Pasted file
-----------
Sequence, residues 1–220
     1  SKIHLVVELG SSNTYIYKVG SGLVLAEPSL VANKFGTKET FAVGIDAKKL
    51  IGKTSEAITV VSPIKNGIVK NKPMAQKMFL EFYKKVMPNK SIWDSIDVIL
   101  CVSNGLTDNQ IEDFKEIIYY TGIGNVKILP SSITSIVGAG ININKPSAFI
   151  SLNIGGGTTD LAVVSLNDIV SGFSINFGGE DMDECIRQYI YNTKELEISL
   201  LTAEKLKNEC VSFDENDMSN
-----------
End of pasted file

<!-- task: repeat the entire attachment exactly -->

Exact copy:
Sequence, residues 1–220
     1  SKIHLVVELG SSNTYIYKVG SGLVLAEPSL VANKFGTKET FAVGIDAKKL
    51  IGKTSEAITV VSPIKNGIVK NKPMAQKMFL EFYKKVMPNK SIWDSIDVIL
   101  CVSNGLTDNQ IEDFKEIIYY TGIGNVKILP SSITSIVGAG ININKPSAFI
   151  SLNIGGGTTD LAVVSLNDIV SGFSINFGGE DMDECIRQYI YNTKELEISL
   201  LTAEKLKNEC VSFDENDMSN